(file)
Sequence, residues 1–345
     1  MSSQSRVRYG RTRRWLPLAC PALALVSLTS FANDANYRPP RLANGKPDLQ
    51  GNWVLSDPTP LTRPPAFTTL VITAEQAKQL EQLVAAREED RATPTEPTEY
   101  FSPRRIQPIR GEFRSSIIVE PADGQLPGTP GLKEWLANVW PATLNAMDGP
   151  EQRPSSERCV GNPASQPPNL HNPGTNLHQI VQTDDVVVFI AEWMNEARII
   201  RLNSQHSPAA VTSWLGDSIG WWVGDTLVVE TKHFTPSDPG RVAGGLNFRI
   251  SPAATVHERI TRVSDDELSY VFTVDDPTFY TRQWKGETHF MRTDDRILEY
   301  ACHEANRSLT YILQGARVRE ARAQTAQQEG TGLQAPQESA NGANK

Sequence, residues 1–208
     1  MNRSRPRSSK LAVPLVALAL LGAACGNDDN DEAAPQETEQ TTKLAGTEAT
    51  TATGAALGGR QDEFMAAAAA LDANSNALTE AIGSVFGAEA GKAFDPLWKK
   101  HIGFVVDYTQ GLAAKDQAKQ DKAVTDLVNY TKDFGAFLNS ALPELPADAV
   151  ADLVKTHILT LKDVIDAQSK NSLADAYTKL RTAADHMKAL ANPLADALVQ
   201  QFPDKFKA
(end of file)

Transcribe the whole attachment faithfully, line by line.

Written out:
Sequence, residues 1–345
     1  MSSQSRVRYG RTRRWLPLAC PALALVSLTS FANDANYRPP RLANGKPDLQ
    51  GNWVLSDPTP LTRPPAFTTL VITAEQAKQL EQLVAAREED RATPTEPTEY
   101  FSPRRIQPIR GEFRSSIIVE PADGQLPGTP GLKEWLANVW PATLNAMDGP
   151  EQRPSSERCV GNPASQPPNL HNPGTNLHQI VQTDDVVVFI AEWMNEARII
   201  RLNSQHSPAA VTSWLGDSIG WWVGDTLVVE TKHFTPSDPG RVAGGLNFRI
   251  SPAATVHERI TRVSDDELSY VFTVDDPTFY TRQWKGETHF MRTDDRILEY
   301  ACHEANRSLT YILQGARVRE ARAQTAQQEG TGLQAPQESA NGANK

Sequence, residues 1–208
     1  MNRSRPRSSK LAVPLVALAL LGAACGNDDN DEAAPQETEQ TTKLAGTEAT
    51  TATGAALGGR QDEFMAAAAA LDANSNALTE AIGSVFGAEA GKAFDPLWKK
   101  HIGFVVDYTQ GLAAKDQAKQ DKAVTDLVNY TKDFGAFLNS ALPELPADAV
   151  ADLVKTHILT LKDVIDAQSK NSLADAYTKL RTAADHMKAL ANPLADALVQ
   201  QFPDKFKA